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Wider-scale retrospective contact tracing begins today - here's how it'll work

For the 20% of cases categorised as community transmission, additional questions will be asked about their movements over the previous seven days.

Image: Sasko Lazarov/RollingNews.ie

CONTACT TRACING TEAMS will, from today, begin asking additional questions to help identify the source of cases identified as community transmission.

Currently around 20% of cases are categorised as community transmission. This means it is not clear to contact tracers after initial questions where the person picked up the virus.

If a case has been categorised as community transmission, the person will be asked an additional set of questions. These questions will be based on the various events or settings they have been in over the previous seven days.

“There’s additional questions about when you were there, what was the date, what was the time and there’ll be questions about that setting. It’s actually a detailed set of questions that’s asked,” Dr Greg Martin HSE clinical lead for contact tracing said during a briefing today.

This information will be passed on to public health departments and they will then decide whether the case requires a more detailed investigation.

“The purpose of that investigation will be to identify the source, so it might be that we actually find the original index case, but perhaps equally or more importantly we will identify other close contacts who were exposed at the same time,” Martin said.

“Those are the close contacts may be asymptomatic so they might not even know that they’ve been exposed or that they’ve at this point, contracted Covid-19.”

These people will receive a text message offering them a test, but will not be required to restrict their movements while waiting for the results, Dr Martin said, because there is no firm information that this was necessarily the transmission setting. If they test positive, they will then be given the guidance on self-isolation.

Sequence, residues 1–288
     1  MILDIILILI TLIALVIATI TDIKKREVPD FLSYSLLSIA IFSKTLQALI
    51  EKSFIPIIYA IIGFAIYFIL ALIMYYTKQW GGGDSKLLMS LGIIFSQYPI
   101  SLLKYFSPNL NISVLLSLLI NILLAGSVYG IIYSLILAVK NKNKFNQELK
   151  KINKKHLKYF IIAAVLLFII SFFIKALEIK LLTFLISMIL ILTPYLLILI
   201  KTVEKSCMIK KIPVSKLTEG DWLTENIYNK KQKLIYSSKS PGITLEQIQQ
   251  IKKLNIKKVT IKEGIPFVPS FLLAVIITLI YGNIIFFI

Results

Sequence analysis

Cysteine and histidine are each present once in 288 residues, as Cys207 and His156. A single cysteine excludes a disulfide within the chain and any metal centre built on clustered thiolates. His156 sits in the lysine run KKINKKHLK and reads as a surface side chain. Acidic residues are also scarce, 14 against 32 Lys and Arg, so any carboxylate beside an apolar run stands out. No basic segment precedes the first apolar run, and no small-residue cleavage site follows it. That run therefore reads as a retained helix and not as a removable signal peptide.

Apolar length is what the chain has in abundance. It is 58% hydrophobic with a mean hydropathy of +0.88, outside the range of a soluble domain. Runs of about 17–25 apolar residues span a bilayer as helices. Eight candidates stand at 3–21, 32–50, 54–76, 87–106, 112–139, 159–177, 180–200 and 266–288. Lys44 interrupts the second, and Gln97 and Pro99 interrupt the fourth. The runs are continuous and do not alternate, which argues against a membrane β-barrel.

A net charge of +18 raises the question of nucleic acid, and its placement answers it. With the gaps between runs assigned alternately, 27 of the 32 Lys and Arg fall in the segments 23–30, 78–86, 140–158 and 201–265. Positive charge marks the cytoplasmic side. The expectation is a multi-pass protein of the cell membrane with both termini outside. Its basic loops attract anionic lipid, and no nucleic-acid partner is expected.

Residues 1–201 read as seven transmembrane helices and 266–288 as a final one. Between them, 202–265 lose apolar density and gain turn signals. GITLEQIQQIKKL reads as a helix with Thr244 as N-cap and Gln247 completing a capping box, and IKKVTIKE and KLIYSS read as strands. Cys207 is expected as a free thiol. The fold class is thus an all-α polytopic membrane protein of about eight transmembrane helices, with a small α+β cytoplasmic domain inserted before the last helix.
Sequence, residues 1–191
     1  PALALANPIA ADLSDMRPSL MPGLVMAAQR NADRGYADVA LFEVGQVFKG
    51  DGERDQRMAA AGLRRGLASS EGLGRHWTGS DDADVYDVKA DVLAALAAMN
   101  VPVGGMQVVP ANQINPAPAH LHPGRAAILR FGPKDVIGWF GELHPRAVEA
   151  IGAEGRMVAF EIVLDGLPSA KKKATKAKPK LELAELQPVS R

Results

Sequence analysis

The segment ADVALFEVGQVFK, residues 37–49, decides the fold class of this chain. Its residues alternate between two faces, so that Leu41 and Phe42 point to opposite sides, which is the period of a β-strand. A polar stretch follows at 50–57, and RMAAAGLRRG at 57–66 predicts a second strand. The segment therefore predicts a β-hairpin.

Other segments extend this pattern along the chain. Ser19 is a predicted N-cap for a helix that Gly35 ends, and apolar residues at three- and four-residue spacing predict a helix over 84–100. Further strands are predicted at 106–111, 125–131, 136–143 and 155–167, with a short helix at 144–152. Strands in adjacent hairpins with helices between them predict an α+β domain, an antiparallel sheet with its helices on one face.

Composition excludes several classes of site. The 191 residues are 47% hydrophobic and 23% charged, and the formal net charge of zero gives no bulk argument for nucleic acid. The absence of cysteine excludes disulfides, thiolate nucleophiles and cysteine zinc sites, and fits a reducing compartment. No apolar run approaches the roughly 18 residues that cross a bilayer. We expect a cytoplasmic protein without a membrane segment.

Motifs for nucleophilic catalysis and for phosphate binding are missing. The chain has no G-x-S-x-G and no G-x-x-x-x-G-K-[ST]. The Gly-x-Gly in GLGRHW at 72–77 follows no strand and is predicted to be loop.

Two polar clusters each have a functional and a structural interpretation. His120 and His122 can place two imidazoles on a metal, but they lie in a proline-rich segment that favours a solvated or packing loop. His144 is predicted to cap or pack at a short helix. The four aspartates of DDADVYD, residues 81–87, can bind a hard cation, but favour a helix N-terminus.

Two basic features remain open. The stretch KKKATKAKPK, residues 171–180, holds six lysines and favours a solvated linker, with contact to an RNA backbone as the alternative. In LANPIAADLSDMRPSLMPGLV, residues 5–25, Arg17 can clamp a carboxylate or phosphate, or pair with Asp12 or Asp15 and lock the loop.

“They’ll be offered a test, and that will be a mechanism whereby we will identify additional cases, and where we identify additional cases there’s an opportunity to interrupt transmission because, of course, those people will be given the additional advice to self isolate,” he said.

He said public health departments may conclude that they are unlikely to learn something from one particular setting but others could yield valuable information.

They may say ‘look this was a wedding or a restaurant at a particular time’, so it may be possible for us to reach out to that restaurant and identify the names and contact details of additional people that were there, or in the case of a wedding we can reach out to the wedding organisers and we can identify the names and contact details of the people that were at that setting. At that point in time, they’ve now got a list of other people who may have been exposed.

“Now we don’t know that they were exposed because at that point in time, we don’t really have any evidence that that’s the venue or event where the transmission took place. But the public health professionals, having looked at the possibilities, think that this is worth investigating.”

Public health departments are already doing this kind of source investigation locally, particularly where there are larger outbreaks connected to particular locations or events.

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In some cases public health departments have been able to bring down the level of cases categorised as community transmission to 10% using this more detailed process. This will see the process become a more routine part of the contact tracing process to pick up more cases and to provide health officials with additional data on risks associated with certain settings.

“The other really useful thing that comes out of this is we will get a much better sense of where it is; which settings, which circumstances, which kinds of events, there’s increased transmission and increased risk to people at events like that,” Dr Martin said.

“That will give us real data to make informed, evidence-based public health recommendations and guidelines and advice. As the economy gets opened up and as the restrictions get lifted we’re going to be able to give detailed and specific advice based on data that we collected in this way.”

Martin said this approach is most effective when case numbers are low and as numbers go down, “chasing down every live case is going to be an important part of the endgame of our public heath response to this pandemic”.

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